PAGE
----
Hard Cover book Octavo, 9.75 inches x 7.75 inches, gilt-decorated reddish-brown cloth, fronts. pp 315pp., five further full-page illustrations.
Fifty years before the Railway Centenary celebrations, there had been a rather more modest event on 27 and 28 September 1875, marking the 50th anniversary of the Stockton & Darlington opening. A Jubilee Memorial…. was published in advance of the celebrations, and is therefore a little tentative on detail, but the events were to include a banquet (no Victorian celebration would be complete without one!) There being no hall big enough in Darlington, a huge marquee, hired from Edgingtons, the London contractors, was set up on the cricket field, and the catering arrangements were in the hands of a firm, also from London, who normally did the Lord Mayor's banquet. The unveiling of a statue of Edward Pease took place, and most interesting of all, an exhibition of locomotives at Darlington’s North Road locomotive works, but it was only open for two days.

Programme of Ceremonies


Booklet, Stiff paper covers. 8.5"x 5.5" pp40, plus three folding plans, route of Royal Progress through Stockton, plan of exhibition and banqueting hall at Faverdale, Grandstand enclosure for procession.
The LNER was never a prosperous undertaking, but whenever the opportunity offered to promote itself, it did so with superb attention to detail and panache. With the LNER managment structure composed of three divisions, each with a measure of autonomy, the lead in this instance fell to the North Eastern, under Divisional General Manager, George Davidson, who was on their arrival at Darlington Bank Top first LNER officer to be presented to the Duke and Duchess of York (themselves an appropriate choice of Royal Sponsors, given that before her marriage, the Duchess had been Lady Elizabeth Bowes Lyon, with many family connections in the North East). Mr. Davidson accompanied the party by motor car to Faverdale Wagon Works, for a visit to the Exhibition. It should be noted that all these events were timed to the nearest MINUTE! At the works entrance, the party were received by William Whitelaw, Chairman of the LNER, Lord Faringdon, Deputy Chairman and Sir Ralph Wedgwood, Chief General Manager. After speeches and a brief opening ceremony (at 3-23pm!) their Royal Highnesses viewed the Exhibition from 3.30 pm (Mr. Nigel Gresley, Chief Mechanical Engineer, was on hand to explain some of the exhibits) before departing, again by motor car at 4.15 pm. Five minutes were allowed for leaving the Exhibition to reaching the motor cars at the gate. The Exhibition then opened to the public


Card covered booklet, stiff paper covers, 8.5"x 5.5", pp95. Not illustrated. £2.95

This is the catalogue for the North Road exhibition in July 1925 It is quite interesting to note, that the LNER had inherited a well equipped printing works at Stratford from the Great Eastern Railway, which would have been fully competent to produce this booklet, but the printing contract went to one of the North Eastern´s main printers – Ben Johnson & Co., of York. This was part of the company's policy of allowing each of the three divisions (Southern, North Eastern and Scottish ) considerable freedom of action, and Teasedale, the "Whole Line" Advertising Manager would not interfere with a local decision to place a contract with a tried and trusted supplier. lot one ends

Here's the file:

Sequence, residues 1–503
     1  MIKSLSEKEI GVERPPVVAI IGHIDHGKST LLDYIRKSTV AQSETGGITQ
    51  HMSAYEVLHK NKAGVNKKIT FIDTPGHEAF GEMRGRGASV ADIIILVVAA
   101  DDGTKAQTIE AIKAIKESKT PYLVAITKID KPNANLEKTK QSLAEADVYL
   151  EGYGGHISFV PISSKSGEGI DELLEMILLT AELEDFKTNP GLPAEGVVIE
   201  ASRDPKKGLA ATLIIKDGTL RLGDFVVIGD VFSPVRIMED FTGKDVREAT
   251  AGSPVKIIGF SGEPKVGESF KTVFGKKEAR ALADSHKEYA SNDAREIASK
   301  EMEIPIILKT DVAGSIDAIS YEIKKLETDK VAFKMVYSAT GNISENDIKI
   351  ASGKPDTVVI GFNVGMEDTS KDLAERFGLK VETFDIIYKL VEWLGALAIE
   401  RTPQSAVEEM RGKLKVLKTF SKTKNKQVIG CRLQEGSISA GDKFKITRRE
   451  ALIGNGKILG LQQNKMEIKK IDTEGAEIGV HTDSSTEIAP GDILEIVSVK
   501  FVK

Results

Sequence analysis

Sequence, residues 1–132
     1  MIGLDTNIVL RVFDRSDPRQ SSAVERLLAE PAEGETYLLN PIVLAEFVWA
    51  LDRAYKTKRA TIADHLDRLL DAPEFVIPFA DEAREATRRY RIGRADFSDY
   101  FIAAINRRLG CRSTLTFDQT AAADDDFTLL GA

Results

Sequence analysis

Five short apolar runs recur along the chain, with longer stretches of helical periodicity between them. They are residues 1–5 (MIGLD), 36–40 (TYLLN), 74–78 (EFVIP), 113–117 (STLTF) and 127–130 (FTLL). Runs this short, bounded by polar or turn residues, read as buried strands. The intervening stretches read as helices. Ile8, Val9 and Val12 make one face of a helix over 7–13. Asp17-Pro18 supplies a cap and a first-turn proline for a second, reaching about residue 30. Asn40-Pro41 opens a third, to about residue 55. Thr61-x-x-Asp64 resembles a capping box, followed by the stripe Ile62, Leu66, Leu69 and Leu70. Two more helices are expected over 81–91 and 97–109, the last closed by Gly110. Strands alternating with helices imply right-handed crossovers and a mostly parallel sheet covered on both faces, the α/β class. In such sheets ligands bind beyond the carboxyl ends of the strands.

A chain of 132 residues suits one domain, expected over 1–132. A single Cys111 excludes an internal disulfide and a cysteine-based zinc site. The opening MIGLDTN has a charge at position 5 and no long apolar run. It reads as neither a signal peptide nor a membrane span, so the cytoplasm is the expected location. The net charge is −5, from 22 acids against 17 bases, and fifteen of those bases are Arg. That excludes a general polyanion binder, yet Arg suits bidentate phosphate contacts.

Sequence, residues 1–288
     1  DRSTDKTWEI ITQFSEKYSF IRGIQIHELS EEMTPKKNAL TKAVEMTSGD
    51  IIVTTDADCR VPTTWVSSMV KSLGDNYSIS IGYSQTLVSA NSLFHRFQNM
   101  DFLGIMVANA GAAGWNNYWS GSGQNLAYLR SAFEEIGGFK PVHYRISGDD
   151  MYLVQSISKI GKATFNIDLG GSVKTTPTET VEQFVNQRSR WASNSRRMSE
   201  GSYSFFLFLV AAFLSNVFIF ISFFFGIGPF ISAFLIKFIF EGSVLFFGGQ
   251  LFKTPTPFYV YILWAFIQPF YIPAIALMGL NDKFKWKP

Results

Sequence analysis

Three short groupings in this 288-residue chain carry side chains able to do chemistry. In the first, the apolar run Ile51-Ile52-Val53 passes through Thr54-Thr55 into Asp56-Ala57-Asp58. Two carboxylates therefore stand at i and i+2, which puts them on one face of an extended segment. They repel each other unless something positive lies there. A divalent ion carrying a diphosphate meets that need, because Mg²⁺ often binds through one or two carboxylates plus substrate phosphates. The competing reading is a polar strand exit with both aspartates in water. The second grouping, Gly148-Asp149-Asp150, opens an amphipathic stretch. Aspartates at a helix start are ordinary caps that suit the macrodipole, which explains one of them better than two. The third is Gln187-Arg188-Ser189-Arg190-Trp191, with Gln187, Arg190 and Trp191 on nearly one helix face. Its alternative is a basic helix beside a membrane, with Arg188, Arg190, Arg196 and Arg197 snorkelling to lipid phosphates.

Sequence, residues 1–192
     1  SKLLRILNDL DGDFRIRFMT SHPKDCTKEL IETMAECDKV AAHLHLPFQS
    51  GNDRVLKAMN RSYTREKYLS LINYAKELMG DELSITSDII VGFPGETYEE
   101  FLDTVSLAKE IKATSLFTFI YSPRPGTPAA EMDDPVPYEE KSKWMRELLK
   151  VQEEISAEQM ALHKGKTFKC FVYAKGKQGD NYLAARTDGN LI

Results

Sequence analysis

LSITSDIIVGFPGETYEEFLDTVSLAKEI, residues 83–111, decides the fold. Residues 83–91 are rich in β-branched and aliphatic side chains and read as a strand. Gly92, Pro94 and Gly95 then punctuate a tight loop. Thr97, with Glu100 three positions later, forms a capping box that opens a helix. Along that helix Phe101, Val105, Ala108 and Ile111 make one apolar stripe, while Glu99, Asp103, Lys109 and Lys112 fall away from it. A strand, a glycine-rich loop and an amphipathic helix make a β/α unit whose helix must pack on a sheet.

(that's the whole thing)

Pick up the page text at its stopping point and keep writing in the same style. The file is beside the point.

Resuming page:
Railway Centenary celebrations a retrospect by Randall Davis
Railway Centenary celebrations a retrospect by Randall Davis


Hard back book, green board covers, cream coloured cloth spine, title printed on pasted paper label, 11"x 8", 49pp three colour plates, 11 B&W illustrations. Description In some respects this is a rather odd publication. It seems to have been published as post script to the Darlington celebrations which had been publicised as The Centenary of Railways. This was something of an exaggeration. but marked the world-wide importance of the S&D as the first public railway to use steam locomotives, albeit as only for coal and goods traffic at first. RETROSPECT does place this in context, giving due mention to earlier railway developments, and to the Liverpool and Manchester. Opened in 1830, this could be regarded as the prototype modern railway – no horse haulage, and both passenger and goods conveyed in steam hauled trains.
Randall Davies (1866 – 1948), art historian and biographer of painters, seems an odd choice to commission for this work. He admits that he has relied heavily on Tomlinson's North Eastern Railway, and Warren's A Century of Locomotive Building, but he does reveal that he was related to John Dixon, one of George Stephenson’s assistants. He is able to quote from a letter by Dixon describing events at the Rainhill Trials in 1829, which describes Hackworth's anger over the failure of Sans Pareil to win, despite the fact that it failed to comply with the competition conditions of entry, and his comments verging on the slanderous about sabotage on the part of Stephenson.
RETROSPECT concludes with a chapter considering the world-wide effects of railways, including a coloured print, from the author's collection depicting the first railway in Japan.
I have never seen RETROSPECT offered for sale in any contemporary LNER advertisements. It is a little difficult to say who the intended readers were. It is expensively produced, printed on Abbey Mills cream laid paper, and contains quite lengthy passages in Latin and French with no English translations. Perhaps it was intended for presentation to selected guests? Certainly, in the early 1960s, in a dusty corner of the Advertising Bill room at York, there was a box containing a number of apparently forgotten copies.